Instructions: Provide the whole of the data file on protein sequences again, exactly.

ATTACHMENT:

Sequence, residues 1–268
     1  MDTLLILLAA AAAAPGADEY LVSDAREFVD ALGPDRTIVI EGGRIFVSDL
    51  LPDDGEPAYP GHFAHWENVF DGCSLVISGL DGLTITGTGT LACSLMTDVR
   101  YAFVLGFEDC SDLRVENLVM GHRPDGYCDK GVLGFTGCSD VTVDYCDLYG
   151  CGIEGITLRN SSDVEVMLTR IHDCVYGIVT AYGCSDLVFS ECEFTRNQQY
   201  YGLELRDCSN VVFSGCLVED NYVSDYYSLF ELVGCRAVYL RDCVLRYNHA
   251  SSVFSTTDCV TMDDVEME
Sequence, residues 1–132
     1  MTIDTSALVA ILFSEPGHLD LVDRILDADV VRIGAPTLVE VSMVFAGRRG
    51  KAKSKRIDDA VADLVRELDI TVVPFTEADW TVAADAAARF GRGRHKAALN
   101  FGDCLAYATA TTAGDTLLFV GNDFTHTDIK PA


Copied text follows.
Sequence, residues 1–268
     1  MDTLLILLAA AAAAPGADEY LVSDAREFVD ALGPDRTIVI EGGRIFVSDL
    51  LPDDGEPAYP GHFAHWENVF DGCSLVISGL DGLTITGTGT LACSLMTDVR
   101  YAFVLGFEDC SDLRVENLVM GHRPDGYCDK GVLGFTGCSD VTVDYCDLYG
   151  CGIEGITLRN SSDVEVMLTR IHDCVYGIVT AYGCSDLVFS ECEFTRNQQY
   201  YGLELRDCSN VVFSGCLVED NYVSDYYSLF ELVGCRAVYL RDCVLRYNHA
   251  SSVFSTTDCV TMDDVEME
Sequence, residues 1–132
     1  MTIDTSALVA ILFSEPGHLD LVDRILDADV VRIGAPTLVE VSMVFAGRRG
    51  KAKSKRIDDA VADLVRELDI TVVPFTEADW TVAADAAARF GRGRHKAALN
   101  FGDCLAYATA TTAGDTLLFV GNDFTHTDIK PA